Last Tuesday, the public comment section of the Montgomery County school board meeting in Virginia grew heated after parent Alecia Vaught accused Chairwoman Susan Kass of blatant disregard of her own mask policy. 

Vaught pulled up phone images of a maskless Kass in a crowd, prompting Kass to walk out of the meeting, according to Daily Mail.

On February 15, Alecia Vaught decided to call out the Montgomery County school board’s hypocrisy on mask mandates. For one thing, the school district has ignored Governor Youngkin’s order—which has since become law—stating that parents have the right to decide if their children should be masked in school. Adding fuel to the fire, Chairwoman Susan Kass had previously reprimanded The Second Monday Constitution Group (founded by Vaught) for taking off their masks in protest at the last meeting.

“We sat here last year and listened to you guys preach to us about Governor Northam’s executive orders and how we must follow them. Remember that?” Vaught said last Tuesday during public comment.

“Here’s a governor that comes into office, but yet you don’t want to follow his orders. Why is that? Why is it different from last year when we were here to this year?” continued Vaught. “Two different governors, different political parties. So we’re supposed to follow it last year, but not this year? That makes no sense, and it makes all of you a bunch of hypocrites.”

Vaught was also bothered when Kass said that public comment was for community members and students—but failed to mention parents.

“It’s very concerning that you would take the power of the parents and Ms. Kass, I would like to point out real fast. This is the time we get to hear from the students, staff, and from community members,” Vaught said. “You did not mention parents one bit, and I think that is a big issue for Montgomery County School Board because you guys do not like the parents.”

Vaught then held up her phone to show images from Susan Kass’s Facebook that display her among others not wearing masks.

At that moment, Kass interrupted and told Vaught she would no longer be allowed to speak.

“I’m sorry Ms. Vaught, you are done if you are going to, if you are going to sit there and disparage a member of our school board, you can sit down,” said Kass. “I am not going to sit here, this is not about you anymore. Can we have an officer, please?”

An officer came to stand beside Vaught but did not escort her out.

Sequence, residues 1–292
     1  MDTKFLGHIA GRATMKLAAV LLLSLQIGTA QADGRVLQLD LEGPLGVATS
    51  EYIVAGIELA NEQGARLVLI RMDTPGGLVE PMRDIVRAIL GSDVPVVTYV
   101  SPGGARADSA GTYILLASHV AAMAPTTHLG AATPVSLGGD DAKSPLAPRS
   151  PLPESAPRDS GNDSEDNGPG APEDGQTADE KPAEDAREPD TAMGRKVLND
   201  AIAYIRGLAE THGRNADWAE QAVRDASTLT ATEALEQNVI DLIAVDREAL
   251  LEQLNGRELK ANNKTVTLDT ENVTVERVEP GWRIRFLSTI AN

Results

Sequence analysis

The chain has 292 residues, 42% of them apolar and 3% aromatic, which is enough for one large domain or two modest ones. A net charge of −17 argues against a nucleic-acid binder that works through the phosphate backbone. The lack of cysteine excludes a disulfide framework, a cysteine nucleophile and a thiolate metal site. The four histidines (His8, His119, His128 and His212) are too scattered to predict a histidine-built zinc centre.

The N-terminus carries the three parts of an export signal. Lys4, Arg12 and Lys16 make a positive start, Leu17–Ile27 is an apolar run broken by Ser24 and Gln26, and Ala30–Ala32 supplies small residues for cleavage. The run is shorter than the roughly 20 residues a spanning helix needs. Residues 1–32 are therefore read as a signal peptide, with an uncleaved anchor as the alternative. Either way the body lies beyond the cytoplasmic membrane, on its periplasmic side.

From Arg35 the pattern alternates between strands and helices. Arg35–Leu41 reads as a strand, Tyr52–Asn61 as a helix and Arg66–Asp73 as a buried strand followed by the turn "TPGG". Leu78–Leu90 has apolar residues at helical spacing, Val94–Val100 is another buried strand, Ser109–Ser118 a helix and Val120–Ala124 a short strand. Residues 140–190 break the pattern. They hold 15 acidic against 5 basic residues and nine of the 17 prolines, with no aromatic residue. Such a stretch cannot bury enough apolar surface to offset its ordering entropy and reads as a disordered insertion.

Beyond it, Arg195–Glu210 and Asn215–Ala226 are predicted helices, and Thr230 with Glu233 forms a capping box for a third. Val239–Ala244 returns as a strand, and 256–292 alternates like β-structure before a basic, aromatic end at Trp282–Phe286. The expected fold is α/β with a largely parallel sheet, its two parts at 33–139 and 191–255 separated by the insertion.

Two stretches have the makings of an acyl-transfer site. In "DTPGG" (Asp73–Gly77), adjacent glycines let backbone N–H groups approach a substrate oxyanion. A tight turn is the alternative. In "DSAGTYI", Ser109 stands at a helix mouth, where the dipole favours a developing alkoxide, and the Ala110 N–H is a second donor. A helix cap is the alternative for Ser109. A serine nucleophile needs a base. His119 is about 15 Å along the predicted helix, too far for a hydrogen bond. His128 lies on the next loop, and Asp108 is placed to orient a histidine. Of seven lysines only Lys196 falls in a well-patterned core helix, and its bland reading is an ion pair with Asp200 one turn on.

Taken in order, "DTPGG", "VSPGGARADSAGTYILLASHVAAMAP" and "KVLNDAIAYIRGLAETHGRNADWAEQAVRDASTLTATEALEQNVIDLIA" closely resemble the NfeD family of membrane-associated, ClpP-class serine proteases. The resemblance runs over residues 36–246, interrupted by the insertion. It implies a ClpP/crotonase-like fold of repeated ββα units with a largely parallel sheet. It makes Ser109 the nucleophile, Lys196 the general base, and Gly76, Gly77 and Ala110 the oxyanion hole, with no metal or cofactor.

One board member, Jamie Bond, spoke up to defend Vaught’s right to speak. “She should be able to say her piece,” said Bond. “I’ve had to listen to people come and criticize me.”

“That doesn’t make it right, Jamie,” retorted Kass. “That’s my family.”

Vaught responded to Kass, saying, “What do you think about our family? Our family has been suffocated to death with your policies.”

Kass decided she had heard enough and got up out of her seat to leave the room. She walked past Vaught, who said, “We’re coming for your seat.”

“You can have it,” Kass snapped back.

On the way out of the building, Kass complained to the Roanoke Times about “selfish beliefs” connected to the pandemic. “I volunteered to do this because I care about teachers, and I care about students,” explained Kass.

Kass said she was especially upset that night because her father had been in the hospital. “And I stayed here for this,” she stated. Kass later told WFXR News that she felt it was a personal attack.

“It was very much pointed at me and pointed at trying to disparage me to get me to leave the school board,” Kass said.

About the Facebook photos, Kass explained, “Well, yeah of course I don’t wear a mask with my family that I have been with throughout COVID.”

Vaught said she didn’t intend to single out Kass and planned to call out other board members on their hypocrisy.

“They need to listen to the parents. We are the parents, we dictate how they grow up, how they get educated, and we pay the taxes for those schools to get built. We pay these salaries, we elect these board members onto the boards,” Vaught said.

What do you think about this interaction between the parent and the school board member? What about the school district’s decision to continue implementing a mask policy despite Governor Youngkin’s new law?


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